AR: Yeah, though in vfx/animation, the movie DOES have to get released sometime…

MZ: deadlines deadlines deadlines. It is amazing how much inspiration you can get from deadlines

AR: so there’s a fair amount of.. negotiation between getting the shot done right and just getting it done to hit the deadline. It’s a good balance, most of the time. Oh yeah. In fact, my most successful writing ventures of the last year or so have been to antho calls with specific deadlines in mind. Not all of them have ultimately been accepted, but it was a great motivator to get some stuff written

MZ: yeah, me too. Not doing so well for acceptances this year and at least one of the projects I decided to trunk indefinitely

AR: I’m sorry to hear that. Though sometimes, it seems trunking is the best option

MZ: Yeah, i think ultimately it was too specific to the call and more personal catharsis than marketable story

AR: And sometimes you have to write those stories. To practice the craft. To get it out.

And who knows. Nothing has to stay trunked forever.

MZ: I might steal aspects of it at least

AR: exactly.

MZ: I find that happens more and more over time.

AR: Yeah. I can’t speak for all writers (let alone you) but for me — I’m less obsessed about making sure everything I write is 100% marketable. I’m more interested in the experience of writing it. Er, don’t get me wrong. I’d LIKE to have others read it. get paid. Be showered in the adulation of my colleagues and friends…

MZ: Yeah. I had a specific anthology call in mind for this story.

AR: Yeah. and that can be tricky because you get so focused on making sure that one market will love it, and it may not be as successful elsewhere. But like you said. Pull out the guts, rebuild it.

MZ: Well, I think I could have sent it to another market, I just decided that it ended up more catharsis than story.

AR: Yeah. So what are you working on these days?

MZ: I’m actually working on long fiction again. My brain seems kind of frazzled trying to work on short fiction recently.

AR: i know the feeling!

MZ: It’s been nice to get back into longer stories with established characters.

AR: Are you back to working on a previous project, ie, a setting/chars you’re already familiar with or are you starting something new?

MZ: I’m getting ready to dive back into a previous project for in-depth editing.

AR: Nice! I finished a draft of my book last year (sigh) and need to get back to it. It’s hard to start up after a long absence, though

MZ: I find the best way to do it is to involve someone else, so you can piggyback off their enthusiasm so a Beta Reader or involved editor or the like

AR: Mmm. Good idea.

MZ: cause just having someone to talk about story stuff and the characters really gets the writer juices flowing

AR: Yah, for sure.  I’m pretty positive there are going to be some significant rewrites

but hey, that’s part of the game.

MZ: I’m doing a post-write outline right now putting all the scenes into a spreadsheet so I can look at all the different parts in one view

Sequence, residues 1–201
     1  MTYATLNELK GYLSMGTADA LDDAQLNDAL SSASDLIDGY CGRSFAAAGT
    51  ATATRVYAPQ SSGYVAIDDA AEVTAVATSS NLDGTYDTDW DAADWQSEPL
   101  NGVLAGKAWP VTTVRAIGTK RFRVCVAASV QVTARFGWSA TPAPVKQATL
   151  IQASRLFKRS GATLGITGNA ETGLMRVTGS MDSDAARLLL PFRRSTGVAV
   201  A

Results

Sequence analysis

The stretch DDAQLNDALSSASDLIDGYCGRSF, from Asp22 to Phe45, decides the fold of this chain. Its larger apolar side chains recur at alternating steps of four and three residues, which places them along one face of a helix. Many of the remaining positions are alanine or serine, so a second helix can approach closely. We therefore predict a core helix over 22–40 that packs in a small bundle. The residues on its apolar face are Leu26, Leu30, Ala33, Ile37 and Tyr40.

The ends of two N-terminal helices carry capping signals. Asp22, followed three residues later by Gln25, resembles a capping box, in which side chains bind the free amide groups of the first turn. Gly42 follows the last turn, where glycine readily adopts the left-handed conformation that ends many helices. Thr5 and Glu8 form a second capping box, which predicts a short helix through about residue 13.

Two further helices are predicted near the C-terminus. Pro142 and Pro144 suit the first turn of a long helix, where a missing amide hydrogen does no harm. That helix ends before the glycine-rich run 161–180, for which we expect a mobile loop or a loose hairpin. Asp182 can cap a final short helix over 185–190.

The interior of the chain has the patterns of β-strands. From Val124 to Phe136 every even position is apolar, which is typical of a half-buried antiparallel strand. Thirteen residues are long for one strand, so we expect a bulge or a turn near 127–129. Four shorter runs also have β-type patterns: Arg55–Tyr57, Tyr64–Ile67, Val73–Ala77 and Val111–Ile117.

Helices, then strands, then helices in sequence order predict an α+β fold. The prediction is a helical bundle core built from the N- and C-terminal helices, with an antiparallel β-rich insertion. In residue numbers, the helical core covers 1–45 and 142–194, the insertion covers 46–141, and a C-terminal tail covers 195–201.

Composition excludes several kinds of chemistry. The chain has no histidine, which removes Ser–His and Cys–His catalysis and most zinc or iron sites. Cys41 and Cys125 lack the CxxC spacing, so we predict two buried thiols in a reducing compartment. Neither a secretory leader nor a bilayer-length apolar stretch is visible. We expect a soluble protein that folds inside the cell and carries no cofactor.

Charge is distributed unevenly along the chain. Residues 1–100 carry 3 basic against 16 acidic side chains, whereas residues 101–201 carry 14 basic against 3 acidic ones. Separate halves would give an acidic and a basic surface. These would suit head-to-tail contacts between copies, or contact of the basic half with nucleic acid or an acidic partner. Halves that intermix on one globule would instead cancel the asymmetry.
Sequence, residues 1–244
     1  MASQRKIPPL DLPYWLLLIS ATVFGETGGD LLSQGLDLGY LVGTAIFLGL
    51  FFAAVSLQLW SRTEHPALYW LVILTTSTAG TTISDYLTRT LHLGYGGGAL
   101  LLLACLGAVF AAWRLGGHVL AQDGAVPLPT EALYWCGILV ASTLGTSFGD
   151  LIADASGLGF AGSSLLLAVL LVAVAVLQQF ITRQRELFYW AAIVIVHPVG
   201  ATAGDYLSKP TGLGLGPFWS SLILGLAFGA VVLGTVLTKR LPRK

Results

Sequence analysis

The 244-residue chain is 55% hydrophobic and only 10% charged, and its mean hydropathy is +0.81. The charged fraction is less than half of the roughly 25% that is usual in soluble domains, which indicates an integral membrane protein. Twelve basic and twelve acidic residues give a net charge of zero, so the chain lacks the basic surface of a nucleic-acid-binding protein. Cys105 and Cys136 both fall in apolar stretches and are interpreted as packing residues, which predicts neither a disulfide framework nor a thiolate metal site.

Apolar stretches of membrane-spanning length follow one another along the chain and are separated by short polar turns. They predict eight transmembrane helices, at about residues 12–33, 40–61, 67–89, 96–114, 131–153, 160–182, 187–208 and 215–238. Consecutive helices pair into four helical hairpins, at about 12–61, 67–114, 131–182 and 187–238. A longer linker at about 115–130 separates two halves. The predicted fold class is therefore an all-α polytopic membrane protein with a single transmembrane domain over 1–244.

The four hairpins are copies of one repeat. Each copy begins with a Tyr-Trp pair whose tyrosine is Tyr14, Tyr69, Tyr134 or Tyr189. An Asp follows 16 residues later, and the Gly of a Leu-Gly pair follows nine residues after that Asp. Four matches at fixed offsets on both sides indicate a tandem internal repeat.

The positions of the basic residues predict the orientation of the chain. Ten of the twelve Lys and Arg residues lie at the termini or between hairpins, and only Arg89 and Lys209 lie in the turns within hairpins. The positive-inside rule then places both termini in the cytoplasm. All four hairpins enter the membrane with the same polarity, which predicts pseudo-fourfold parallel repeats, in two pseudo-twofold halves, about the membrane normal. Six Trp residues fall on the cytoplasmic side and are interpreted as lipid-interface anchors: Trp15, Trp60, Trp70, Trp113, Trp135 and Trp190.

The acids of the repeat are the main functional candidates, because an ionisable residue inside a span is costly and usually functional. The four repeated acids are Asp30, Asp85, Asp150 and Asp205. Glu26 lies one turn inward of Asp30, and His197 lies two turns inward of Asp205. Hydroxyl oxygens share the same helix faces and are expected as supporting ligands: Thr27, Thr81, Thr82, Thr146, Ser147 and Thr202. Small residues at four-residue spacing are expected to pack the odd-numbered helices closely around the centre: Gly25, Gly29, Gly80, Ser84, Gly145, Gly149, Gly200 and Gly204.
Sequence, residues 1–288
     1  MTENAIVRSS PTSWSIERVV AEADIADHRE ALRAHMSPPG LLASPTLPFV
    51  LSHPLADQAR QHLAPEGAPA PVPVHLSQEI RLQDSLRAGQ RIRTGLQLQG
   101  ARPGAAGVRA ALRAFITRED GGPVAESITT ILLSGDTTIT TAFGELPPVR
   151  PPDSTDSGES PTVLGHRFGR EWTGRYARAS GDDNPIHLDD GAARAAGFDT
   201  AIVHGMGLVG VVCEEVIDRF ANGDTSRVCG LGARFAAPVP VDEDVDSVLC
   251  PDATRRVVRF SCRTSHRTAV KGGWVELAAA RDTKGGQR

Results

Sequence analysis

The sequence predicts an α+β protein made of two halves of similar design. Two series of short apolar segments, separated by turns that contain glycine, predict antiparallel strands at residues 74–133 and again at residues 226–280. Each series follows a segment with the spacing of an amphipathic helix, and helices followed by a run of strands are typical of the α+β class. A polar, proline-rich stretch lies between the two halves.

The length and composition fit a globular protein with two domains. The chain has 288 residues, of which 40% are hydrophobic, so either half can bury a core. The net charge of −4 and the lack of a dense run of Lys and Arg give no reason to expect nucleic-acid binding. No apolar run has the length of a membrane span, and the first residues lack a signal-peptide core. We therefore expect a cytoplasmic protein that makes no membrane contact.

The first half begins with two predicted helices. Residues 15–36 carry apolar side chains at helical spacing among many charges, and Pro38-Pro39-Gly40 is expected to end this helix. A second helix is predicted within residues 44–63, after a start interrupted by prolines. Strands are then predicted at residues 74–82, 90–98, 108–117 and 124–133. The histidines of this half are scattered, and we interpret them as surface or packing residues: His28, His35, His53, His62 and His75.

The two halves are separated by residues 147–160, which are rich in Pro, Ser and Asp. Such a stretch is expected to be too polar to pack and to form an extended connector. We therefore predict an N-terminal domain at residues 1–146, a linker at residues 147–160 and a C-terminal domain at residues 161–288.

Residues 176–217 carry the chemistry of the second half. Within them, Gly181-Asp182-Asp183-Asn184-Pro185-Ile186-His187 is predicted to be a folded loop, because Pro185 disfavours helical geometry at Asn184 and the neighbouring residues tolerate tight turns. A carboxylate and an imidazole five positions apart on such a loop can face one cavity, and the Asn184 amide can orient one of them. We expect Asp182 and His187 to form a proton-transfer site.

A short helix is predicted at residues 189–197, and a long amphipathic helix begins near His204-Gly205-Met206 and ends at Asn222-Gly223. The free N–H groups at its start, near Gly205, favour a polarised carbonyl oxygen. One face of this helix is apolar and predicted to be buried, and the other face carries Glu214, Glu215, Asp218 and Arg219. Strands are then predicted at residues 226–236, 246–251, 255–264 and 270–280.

AR: that’s a good idea

MZ: I do something sorta similar but my own version of Justine Larbalestier’s spreadsheet here http://justinelarbalestier.com/blog/2006/09/06/how-to-write-a-novel/ but I do it after the story is at least 60% done at the earliest

AR: Oh cool, I’ll check that out!

MZ: I don’t like doing an in-depth pre-outline, cause it destroys a lot of the discovery process

AR: I agree. It’s good to have an idea of where you’re going, but discovery is most of the reason *I* write.

MZ: I’ll write up directions, but I don’t draw a map until I get lost. The other thing you’re known for, is being something of a mixologist. Any new favorite cocktails recently?

AR: Ahh. Another fun subject. I was definitely hardcore into mixology a few years ago. My interest hasn’t exactly waned, but the way life’s fallen, I tend to mix (and drink!) less these days.

(Not a bad thing maybe?)

Still, though, it’s a passion of mine

MZ: I got a huge sampler of Fee Bitters recently, and I’ve been using them in seltzer more than cocktails 🙂

AR: Oh that’s a great idea! I have an army of bitters bottles, and I’ll often add them to soda water as a digestive

MZ: it makes a very lovely non-calorie drink

AR: As far as actual cocktails go, i’ve been focused on the classics these days (o, I bet!)

Manhattans, Martinis, margaritas, negronis. You really can’t go wrong with those.

MZ: I made what ended up being sort of a tequila martini sort of thing, 1 to 1 silver tequila and St. Germain with grapefruit bitters

AR: I’ve been making my margaritas lately with mezcal instead of tequila. And a variation on the Negroni (which is a house-fave)

MZ: I’m not sure I’ve ever had mezcal

AR: Oh mezcal is tasty. Smoky, a little like scotch, but with that sort of resinous mouth feel of tequila.

MZ: Oooo I like smoky

AR: Try mezcal!

MZ: Do you have a brand you recommend?

AR: Well, I’ve tried a few, though for the value, Del Maguey’s Vida is my fave.

MZ: Cool. I’ll have to try that. I’m a big scotch person, so that’s a fascinating new taste to try.

AR: Yeah, if you like smoky scotch, then mezcal should be right up your alley

MZ: Is there anything else you want to make sure to talk about?

AR: I could talk all night about a bunch of things…

but

I probably shouldn’t…

I’m eager to get back to my writing.